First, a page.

‘Autocracy, Inc.’ has a lesson and a warning for democracy advocates


The democratic world’s inability to cope with the resurgence of “Autocracy, Inc.” arises partly from its own internal weaknesses, some of which have been exacerbated, deliberately, by autocratic actors, says a leading commentator.

But maybe there is a lesson for us in this story, as well as a warning, notes Pulitzer Prize winning author Anne Applebaum. After all, if the leaders of the autocratic world are able to work together, to cooperate with one another; if they can help one another suppress internal opposition, teach one another how to use surveillance technology, then why can’t the democratic world also work together to push back against them? she asked the World Movement for Democracy’s 11th Assembly in Taipei, Taiwan, today (above):

Here’s an example: many people in this room work on kleptocracy and corruption, and many are very good at exposing theft in high places, in their own countries. What if these projects could be internationalized, with work shared and amplified in many countries? What if investigators focused not only on their own countries, but on the connections between countries? What if we could find ways of telling that story in a manner that reaches more people, on the Youtube channels and social media accounts that we all share?

Such collaboration is not only possible but necessary and useful for digital and traditional human rights groups, argues Eduardo Ferreyra, a project leader at Asociación por los Derechos Civiles, a civil society organization based in Buenos Aires, Argentina. He outlines potential strategies to bridge the gap between the two communities at the International Forum’s Power 3.0 blog:

  1. Joining together in strategic litigation: Engaging jointly with state legal systems to uphold human rights may strengthen collaboration between both communities. Usually, strategic litigation involves complex legal cases where various fundamental rights are affected. Therefore, each group can contribute their own expertise to the lawsuit by focusing on aspects of the case in which they are knowledgeable. Buenos Aires’ facial recognition system is informative. A locally-based digital rights group—Argentine Computer Law Observatory (ODIA)—submitted a constitutional challenge to the system with the support of the Center for Legal and Social Studies (CELS)….
  2. Commission studies on emerging digital rights topics: If traditional organizations want to address the impact of technology on human rights, commissioning digital rights organizations to explore an issue relevant to their work is a great starting point. For instance, in 2018, the International Committee of the Red Cross (ICRC) commissioned Privacy International (PI) to study where surveillance may obstruct or threaten the impartial and independent nature of humanitarian action….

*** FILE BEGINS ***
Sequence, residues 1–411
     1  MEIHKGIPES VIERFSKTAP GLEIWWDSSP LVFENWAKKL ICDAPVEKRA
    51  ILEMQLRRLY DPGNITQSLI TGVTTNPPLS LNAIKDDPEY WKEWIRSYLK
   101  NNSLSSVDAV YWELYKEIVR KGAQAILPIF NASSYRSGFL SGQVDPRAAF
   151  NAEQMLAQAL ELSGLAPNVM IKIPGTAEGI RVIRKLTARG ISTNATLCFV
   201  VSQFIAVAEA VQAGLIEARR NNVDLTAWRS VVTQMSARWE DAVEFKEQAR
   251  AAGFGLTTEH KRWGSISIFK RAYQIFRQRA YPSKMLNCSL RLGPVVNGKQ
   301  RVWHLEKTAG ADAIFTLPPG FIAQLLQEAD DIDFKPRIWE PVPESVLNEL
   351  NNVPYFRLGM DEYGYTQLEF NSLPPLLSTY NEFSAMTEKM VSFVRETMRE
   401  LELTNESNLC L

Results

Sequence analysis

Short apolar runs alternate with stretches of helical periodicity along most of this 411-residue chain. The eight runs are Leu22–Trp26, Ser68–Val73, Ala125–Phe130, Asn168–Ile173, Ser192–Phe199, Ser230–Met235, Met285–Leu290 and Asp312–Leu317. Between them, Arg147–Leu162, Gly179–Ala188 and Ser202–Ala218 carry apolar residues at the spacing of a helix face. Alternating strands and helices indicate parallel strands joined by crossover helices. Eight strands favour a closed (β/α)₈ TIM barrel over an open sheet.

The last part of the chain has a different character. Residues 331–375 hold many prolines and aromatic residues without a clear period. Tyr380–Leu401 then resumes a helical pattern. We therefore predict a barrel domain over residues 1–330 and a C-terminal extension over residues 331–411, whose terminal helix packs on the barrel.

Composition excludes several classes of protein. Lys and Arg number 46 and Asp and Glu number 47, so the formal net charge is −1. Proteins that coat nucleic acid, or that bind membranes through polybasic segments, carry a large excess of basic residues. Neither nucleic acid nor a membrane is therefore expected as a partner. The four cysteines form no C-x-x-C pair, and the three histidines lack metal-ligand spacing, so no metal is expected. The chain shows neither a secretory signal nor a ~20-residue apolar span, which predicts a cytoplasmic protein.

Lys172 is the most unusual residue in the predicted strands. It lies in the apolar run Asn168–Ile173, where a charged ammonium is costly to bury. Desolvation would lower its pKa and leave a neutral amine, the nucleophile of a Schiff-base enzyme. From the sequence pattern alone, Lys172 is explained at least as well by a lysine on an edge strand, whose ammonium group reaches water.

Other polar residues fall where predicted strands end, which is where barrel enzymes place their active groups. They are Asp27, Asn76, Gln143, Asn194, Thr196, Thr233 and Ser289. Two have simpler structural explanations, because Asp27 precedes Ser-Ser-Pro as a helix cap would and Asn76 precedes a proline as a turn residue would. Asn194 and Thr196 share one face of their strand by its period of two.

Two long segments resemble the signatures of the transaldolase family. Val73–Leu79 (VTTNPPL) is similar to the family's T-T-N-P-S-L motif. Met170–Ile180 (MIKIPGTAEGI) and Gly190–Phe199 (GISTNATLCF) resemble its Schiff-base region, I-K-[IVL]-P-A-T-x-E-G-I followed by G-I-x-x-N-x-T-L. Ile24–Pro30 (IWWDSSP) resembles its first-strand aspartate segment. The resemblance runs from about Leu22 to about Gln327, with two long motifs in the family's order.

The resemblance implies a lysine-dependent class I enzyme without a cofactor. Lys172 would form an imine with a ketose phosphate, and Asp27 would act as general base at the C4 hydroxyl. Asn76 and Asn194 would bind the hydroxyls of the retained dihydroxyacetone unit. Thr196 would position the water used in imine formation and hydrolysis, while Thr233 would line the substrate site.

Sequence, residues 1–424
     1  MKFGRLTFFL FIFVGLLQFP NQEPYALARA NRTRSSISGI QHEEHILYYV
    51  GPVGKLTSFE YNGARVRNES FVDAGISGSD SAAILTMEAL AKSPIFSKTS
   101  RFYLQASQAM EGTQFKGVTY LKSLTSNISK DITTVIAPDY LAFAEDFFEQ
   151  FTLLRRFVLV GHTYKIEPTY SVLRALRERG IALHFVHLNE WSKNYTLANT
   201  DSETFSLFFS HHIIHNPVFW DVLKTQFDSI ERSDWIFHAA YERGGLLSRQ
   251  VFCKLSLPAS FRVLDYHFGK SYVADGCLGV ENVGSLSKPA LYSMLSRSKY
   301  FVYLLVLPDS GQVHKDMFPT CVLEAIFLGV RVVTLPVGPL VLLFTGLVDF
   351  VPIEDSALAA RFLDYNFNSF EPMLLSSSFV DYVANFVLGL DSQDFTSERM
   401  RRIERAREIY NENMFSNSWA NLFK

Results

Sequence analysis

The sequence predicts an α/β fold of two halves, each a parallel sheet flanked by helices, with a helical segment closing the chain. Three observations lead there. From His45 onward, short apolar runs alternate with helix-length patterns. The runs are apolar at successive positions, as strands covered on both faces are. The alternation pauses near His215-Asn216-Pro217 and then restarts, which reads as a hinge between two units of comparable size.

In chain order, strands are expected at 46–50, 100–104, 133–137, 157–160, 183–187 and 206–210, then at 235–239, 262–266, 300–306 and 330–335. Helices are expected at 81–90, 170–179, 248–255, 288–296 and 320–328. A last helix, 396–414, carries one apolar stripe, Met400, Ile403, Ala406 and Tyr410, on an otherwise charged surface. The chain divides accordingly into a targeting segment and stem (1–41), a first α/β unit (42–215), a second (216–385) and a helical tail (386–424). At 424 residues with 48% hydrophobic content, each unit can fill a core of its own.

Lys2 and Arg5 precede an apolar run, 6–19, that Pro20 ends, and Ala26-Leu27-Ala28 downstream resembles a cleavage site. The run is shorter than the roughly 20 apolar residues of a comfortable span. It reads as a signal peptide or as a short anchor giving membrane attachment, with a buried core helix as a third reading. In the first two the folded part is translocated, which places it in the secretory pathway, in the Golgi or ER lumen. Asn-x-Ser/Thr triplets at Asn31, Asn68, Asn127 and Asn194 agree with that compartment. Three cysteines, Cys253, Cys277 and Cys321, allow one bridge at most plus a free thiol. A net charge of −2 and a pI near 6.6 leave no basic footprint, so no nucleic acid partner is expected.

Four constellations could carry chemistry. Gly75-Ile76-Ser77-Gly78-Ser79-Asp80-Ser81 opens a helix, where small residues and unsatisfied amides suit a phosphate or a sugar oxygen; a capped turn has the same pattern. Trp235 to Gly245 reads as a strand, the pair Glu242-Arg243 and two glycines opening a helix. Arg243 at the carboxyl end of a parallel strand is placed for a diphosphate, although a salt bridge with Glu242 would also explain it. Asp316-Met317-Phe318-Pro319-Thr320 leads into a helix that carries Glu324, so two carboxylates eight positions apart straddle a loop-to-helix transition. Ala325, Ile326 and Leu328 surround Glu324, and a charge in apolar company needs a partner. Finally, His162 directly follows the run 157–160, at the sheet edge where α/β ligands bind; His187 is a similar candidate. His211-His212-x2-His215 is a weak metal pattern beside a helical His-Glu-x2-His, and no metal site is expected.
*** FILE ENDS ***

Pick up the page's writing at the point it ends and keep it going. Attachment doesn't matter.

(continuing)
3. Keeping tabs on elections: A digital rights organization may focus on disinformation about candidates that is spread via social media or online political advertising while their traditional counterparts may analyze the impact money has on elections and politics (as when the Carter Center examined the role of technology in Kenya’s 1922 presidential election).
  4. Promoting education, exchange, and training programs: Both communities should create joint fellowship programs providing digital rights defenders the opportunity to work in traditional human rights organizations, and vice versa. … For example, Ford Foundation partnered with the social impact firm Reboot to launch a technology fellows program. RTWT.

Applebaum, author of the book, “Twilight of Democracy,” insisted that democracy advocates collaborate in order to more effectively counter what she calls “Autocracy Inc,” a network of corrupt regimes and non-state actors which share resources and act as a support system for modern authoritarians.

“Today, the most brutal autocrats don’t care if their countries are criticized. Autocrats … are willing to pay the price of complete disaster, enter the category of failed states, accept economic collapse, & mass poverty to stay in power,” she told the Assembly.

Hong Kong democracy activist Nathan Law said he believed Xi Jinping’s “one-man dictatorship” would be increasingly hard to predict and that the Chinese leader was becoming like Russian President Vladimir Putin, AFP reports.

“They will value their personal ambition more than the stability of the country. So, it means that they could have more reckless moves in terms of really threatening Taiwan and threatening the world,” he said.

President Tsai Ing-wen said Taiwan’s people “have never shied away from the challenges of authoritarian interference… and fought against forces looking to undermine” its democracy.

“The challenge posed by authoritarian regimes is an important wake-up call for democrats worldwide,” she told the World Movement assembly, citing Russia’s invasion of Ukraine.

No sharper contrast between inspirational democracy & the lies & brutality of dictatorships than to compare Taiwan President Tsai Ing-wen’s uplifting speech to the 11th World Assembly of Democracy just now with the totalitarian power grab of Xi Jinping at the latest CPC Congress, Stanford University’s Larry Diamond tweeted.


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